The council have just ignored our explanation that we haven't replaced the shed, and are focus in on the principal elevation principal. Our response was that the shed is over 4 years old, and in any case, the principal elevation of our home is to the south. We attached land registry documents proving the history of the house and shed location since it was built in 1929, including the only access being to the south (until more recent years when a pedestrian gate was put in to give the previous owner a rear pedestrian access).
    We referred to the planning legislation on outbuildings over 4 years old, and also the planning portal guidance on principal elevations (in conjunction with out Land Registry evidence), which includes:
    "Outbuildings are not permitted development forward of the principal elevation of the original house.
    The term original house means the house as it was first built or as it stood on 1 July 1948 (if it was built before that date)."

    Still, they've ignored all of this and requested that a planning permission application be made, stating that, in their opinion, the North elevation of our house physically abuts and directly faces onto the main highway, this being determined by the postcode. Still no mention of the age of the shed, and no regard to the evidence produced or the fact that the postcode relates to the entire lane, not just the North section.

    Having argued our point, it has got to the stage of telling them that we are not going to apply for planning permission and that should they still pursue the matter their legal team can do so via our solicitor, and that we reserve the right to seek to recover our costs should this matter end up in court.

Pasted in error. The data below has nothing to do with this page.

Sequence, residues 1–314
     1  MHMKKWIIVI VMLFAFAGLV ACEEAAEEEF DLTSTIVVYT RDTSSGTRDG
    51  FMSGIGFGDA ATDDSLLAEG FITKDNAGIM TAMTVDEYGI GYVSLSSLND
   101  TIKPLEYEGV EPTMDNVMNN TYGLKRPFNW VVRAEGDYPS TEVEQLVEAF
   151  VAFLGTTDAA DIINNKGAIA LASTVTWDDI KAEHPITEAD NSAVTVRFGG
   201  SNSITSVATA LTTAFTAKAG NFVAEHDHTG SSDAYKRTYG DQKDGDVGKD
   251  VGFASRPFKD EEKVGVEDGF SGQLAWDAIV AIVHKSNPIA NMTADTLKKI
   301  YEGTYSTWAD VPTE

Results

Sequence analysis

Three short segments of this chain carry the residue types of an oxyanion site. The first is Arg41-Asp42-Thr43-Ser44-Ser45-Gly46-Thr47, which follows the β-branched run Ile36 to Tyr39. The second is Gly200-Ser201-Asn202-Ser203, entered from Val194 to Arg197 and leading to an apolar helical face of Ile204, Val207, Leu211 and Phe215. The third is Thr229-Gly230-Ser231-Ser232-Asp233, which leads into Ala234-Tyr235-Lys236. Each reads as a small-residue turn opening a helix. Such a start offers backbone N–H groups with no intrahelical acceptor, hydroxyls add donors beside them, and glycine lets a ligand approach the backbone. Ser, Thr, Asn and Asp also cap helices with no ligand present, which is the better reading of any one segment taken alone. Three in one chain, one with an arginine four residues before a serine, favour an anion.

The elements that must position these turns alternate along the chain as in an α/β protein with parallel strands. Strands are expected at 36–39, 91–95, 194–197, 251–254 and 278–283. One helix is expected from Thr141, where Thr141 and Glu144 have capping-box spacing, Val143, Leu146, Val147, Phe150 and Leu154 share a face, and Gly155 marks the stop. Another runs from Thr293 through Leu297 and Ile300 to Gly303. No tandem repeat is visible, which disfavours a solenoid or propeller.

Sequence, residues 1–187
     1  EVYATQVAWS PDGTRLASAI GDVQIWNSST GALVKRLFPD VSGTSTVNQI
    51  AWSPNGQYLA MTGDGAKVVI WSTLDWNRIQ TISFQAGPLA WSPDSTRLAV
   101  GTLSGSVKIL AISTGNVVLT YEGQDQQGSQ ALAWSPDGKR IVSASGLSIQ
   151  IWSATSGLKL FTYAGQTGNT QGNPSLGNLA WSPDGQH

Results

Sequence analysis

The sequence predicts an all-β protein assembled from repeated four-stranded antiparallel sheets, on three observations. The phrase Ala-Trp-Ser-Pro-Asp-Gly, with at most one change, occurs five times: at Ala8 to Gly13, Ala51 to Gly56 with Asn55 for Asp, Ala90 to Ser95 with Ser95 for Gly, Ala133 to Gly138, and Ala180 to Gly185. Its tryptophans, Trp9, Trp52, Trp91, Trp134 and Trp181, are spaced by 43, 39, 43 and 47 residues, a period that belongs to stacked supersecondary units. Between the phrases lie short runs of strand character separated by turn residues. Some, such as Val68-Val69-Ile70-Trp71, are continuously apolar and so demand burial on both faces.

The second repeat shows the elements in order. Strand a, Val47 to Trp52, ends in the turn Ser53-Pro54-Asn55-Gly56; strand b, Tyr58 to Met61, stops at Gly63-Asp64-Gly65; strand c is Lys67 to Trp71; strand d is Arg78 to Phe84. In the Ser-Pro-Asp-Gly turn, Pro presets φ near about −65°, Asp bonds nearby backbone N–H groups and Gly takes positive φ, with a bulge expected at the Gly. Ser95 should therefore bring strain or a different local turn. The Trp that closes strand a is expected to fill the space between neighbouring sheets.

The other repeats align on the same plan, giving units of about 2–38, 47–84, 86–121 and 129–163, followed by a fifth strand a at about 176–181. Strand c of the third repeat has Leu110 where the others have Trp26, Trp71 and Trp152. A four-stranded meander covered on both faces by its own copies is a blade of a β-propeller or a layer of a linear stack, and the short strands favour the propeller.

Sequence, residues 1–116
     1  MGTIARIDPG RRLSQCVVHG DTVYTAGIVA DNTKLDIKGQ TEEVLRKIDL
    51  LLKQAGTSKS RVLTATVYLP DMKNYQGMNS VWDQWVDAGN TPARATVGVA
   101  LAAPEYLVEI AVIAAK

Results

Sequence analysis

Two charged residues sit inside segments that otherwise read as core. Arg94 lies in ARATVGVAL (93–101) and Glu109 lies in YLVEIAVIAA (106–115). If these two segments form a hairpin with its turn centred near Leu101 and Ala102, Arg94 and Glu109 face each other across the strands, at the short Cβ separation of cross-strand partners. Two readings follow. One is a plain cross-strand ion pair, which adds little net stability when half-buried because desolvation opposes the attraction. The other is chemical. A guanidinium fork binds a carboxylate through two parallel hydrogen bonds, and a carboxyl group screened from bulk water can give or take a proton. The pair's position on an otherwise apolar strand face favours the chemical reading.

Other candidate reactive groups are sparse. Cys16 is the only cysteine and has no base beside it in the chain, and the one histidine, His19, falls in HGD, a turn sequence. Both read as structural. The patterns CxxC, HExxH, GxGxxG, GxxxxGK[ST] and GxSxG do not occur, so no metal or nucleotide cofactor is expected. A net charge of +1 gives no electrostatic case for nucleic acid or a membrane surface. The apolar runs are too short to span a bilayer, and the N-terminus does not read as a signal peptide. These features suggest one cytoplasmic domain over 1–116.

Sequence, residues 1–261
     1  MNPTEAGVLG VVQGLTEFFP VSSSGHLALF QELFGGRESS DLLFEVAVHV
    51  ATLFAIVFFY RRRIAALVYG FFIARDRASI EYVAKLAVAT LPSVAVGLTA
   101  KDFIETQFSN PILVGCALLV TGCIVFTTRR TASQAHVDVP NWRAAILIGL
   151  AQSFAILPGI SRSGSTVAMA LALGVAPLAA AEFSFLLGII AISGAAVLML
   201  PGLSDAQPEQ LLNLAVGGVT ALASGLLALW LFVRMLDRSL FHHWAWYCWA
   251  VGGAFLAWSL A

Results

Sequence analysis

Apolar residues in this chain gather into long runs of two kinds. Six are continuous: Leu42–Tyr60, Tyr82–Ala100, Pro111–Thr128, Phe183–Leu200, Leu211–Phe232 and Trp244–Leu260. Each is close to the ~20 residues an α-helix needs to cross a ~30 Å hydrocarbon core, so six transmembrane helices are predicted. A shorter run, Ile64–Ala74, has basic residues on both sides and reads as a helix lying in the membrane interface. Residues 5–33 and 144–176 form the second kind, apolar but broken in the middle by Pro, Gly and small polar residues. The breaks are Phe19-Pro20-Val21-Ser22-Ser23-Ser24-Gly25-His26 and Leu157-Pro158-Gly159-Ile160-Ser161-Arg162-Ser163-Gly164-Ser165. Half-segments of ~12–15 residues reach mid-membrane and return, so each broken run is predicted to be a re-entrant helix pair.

13. Nakajo

    Nakajo

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    It's all irrelevant if the shed has been extant for more than 4 years.
     
  14. freddiemercurystwin

    freddiemercurystwin

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    Its a waste of time responding Naks, It's not going in!
     
  15. Nakajo

    Nakajo

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    Thought I'd give it a go.
     
  16. AgentJR

    AgentJR

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    It is going in. But they're still pursuing it, now with enforcement. Hence my query, just to know I'm covered....in case I've missed something, as I can't understand why they're pursuing it! There's no need for sarcasm. Thanks for all your assistance any way.
     
  17. Nakajo

    Nakajo

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    Where's the sarcasm?